While in outward appearance the Waterhorse certainly looks like a plesiosaur, is it actually a plesiosaur? One obstacle to the Waterhorse-as-plesiosaur theory is the lack of verified plesiosaur fossils after the Cretaceous - a ghost lineage would have to exist. The other major obstacle is that the plesiosaur was a marine species. How could freshwater Waterhorses be plesiosaurs then?
Biologist Roy Mackal points out that some plesiosaur fossils have indeed been found in rivers and estuaries - conditions that imply a freshwater environment. Mackal speculates that while pursuing fish or escaping marine predators, plesiosaurs may have traveled up rivers and into lakes, thus echoing the Victorian notion of the “land-locked Sea Serpent,” of course. With ample food and a lack of predators, plesiosaurs may have gradually been transformed into freshwater species.”
Unlikely? It has happened before. There exist 43 species of elasmobranch - sharks and rays - in ten genera and four families, which have penetrated freshwater environments in Australia, Southeast Asia, western Africa, eastern South America, Central America, and southeastern parts of North America. This marine-to-freshwater transition is also represented among mammals. The seals of Lake Baikal in Siberia and five species of freshwater dolpjoms worldwide (Ganges River Dolphin, Indus River Dolphin, Amazon River Dolphin, Yangtze River Dolphin, La Plata Dolphin) serve as examples. Common seals have been recovered from Loch Ness and Lake Champlain, so ocean-to-freshwater movement still occurs today.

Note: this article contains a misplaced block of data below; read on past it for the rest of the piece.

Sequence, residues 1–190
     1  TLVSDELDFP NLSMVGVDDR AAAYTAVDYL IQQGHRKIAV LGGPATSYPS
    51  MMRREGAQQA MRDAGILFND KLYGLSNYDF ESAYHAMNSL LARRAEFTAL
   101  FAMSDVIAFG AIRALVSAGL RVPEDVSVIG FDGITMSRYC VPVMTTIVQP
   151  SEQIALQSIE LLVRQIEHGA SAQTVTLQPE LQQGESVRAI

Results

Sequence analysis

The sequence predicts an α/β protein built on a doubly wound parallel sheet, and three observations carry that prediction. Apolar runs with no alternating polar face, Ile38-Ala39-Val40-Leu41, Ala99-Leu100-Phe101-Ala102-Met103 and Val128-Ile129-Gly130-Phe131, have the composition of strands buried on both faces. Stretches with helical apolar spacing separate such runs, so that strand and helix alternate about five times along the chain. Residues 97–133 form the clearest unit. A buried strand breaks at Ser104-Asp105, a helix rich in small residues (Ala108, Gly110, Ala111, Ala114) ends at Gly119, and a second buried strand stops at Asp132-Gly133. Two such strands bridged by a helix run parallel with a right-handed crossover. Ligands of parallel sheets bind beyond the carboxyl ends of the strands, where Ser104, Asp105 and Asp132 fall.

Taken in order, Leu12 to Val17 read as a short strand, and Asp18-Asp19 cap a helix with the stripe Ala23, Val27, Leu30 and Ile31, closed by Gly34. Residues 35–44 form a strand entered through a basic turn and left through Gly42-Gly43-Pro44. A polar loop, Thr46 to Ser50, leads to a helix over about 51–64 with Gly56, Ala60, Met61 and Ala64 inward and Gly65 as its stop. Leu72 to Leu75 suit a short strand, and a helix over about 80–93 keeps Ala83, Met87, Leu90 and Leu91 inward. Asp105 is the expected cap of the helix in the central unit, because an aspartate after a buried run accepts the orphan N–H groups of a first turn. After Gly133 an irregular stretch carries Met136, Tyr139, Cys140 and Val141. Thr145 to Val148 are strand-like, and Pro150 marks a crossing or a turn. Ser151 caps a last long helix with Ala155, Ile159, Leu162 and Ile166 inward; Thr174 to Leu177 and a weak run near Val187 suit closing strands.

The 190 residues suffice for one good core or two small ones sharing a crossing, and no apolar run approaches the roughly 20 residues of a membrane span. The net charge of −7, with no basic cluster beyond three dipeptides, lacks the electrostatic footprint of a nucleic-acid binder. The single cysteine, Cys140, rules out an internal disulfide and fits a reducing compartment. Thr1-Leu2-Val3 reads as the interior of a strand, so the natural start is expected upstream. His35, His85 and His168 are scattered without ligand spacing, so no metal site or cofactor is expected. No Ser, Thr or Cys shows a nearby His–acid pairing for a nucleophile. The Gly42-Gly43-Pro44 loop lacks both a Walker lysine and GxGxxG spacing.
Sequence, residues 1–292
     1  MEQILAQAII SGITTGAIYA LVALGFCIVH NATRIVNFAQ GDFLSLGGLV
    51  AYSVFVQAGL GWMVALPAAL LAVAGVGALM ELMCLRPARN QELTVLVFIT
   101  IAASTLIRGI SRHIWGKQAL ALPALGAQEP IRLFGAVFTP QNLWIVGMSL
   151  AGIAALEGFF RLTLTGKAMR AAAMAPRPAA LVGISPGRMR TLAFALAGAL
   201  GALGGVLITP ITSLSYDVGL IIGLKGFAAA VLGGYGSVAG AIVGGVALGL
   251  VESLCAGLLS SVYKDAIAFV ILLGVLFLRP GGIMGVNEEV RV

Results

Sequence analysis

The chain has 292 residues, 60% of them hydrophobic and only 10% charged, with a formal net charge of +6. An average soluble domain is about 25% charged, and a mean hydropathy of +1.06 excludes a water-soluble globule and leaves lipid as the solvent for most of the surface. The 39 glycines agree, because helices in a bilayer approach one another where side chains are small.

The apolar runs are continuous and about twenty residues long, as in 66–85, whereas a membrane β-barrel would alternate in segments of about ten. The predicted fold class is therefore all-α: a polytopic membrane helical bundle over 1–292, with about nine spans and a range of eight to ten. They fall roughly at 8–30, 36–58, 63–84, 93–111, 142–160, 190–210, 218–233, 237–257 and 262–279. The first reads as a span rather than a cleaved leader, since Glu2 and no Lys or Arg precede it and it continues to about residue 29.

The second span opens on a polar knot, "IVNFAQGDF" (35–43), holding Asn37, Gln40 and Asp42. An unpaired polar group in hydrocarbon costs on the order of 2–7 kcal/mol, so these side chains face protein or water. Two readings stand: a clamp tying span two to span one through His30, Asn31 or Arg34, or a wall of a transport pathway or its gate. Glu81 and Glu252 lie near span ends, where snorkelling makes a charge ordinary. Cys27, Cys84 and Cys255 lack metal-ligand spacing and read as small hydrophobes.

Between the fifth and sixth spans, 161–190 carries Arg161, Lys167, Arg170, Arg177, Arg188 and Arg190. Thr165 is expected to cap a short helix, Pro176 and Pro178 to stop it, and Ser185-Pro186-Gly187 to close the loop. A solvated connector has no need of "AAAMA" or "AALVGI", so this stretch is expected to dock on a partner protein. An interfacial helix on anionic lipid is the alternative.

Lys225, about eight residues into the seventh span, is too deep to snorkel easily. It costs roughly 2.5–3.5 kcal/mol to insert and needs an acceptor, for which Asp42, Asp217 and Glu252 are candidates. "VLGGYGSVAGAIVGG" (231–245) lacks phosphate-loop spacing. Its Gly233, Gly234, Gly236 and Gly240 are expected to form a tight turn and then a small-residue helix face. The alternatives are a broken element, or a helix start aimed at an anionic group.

The third major obstacle to the plesiosaur theory involves features reported by eyewitnesses but not exhibited by fossil plesiosaurs on record. These include hair, horns, dorsal humps, and the absence of a tail. Zoologist Karl Shuker, perhaps the strongest advocate for a plesiosaur explanation, argues that there are “perfectly reasonable explanations for the morphological differences between such creatures and fossil plesiosaurs.” The “hair” and “whiskers” reportedly seen on Waterhorses, he suggests, may be soft-tissue sensory filaments that would leave no fossil traces, while the “horns” or “snorkels” could be breathing tubes. And the dorsal humps may not be undulations of the animals’ bodies but either a fatty tissue, inflatable air sacs, or exposed portions of a dorsal crest.
Despite holdouts to the notion that Waterhorses like the Loch Ness Monster are plesiosaurs, the general consensus today is that the whiskers, the mane, the hair, the wide mouth, the up-and-down swimming movements, and the cold-climate range all point to this animal being a mammal. The two mammal candidates most often discussed are the zeuglodon and the long-necked pinniped.
Zeuglodon is the most commonly used name for a group of long, serpent-like fossil whales. Much of the attention has been on Basilosaurus, an extinct genus of primitive whales of the family Basilosauridae (suborder Archaeoceti) found in Middle and Late Eocene deposits in North America and northern Africa (the Eocene Epoch lasted from 57.8 to 36.6 million years ago). Basilosaurus had a primitive dentition and skull architecture, and ranged from 55 to 75 feet long, with a skull 5 feet in length. The zeuglodon is the favorite candidate of several researchers, including Roy Mackal, Champ researcher Joseph Zarzynski, and Sea Serpent chronicler GaryMangiacopra, who theorize, that the animal may be responsible for some modern reports of Lake Monsters and Sea Serpents. Mackal believes that the zeuglodon is the best fit for the reports of Lake Monsters in British Columbia's Lake Okanagan, Scotland's Loch Ness, and Vermont and New York's Lake Champlain.”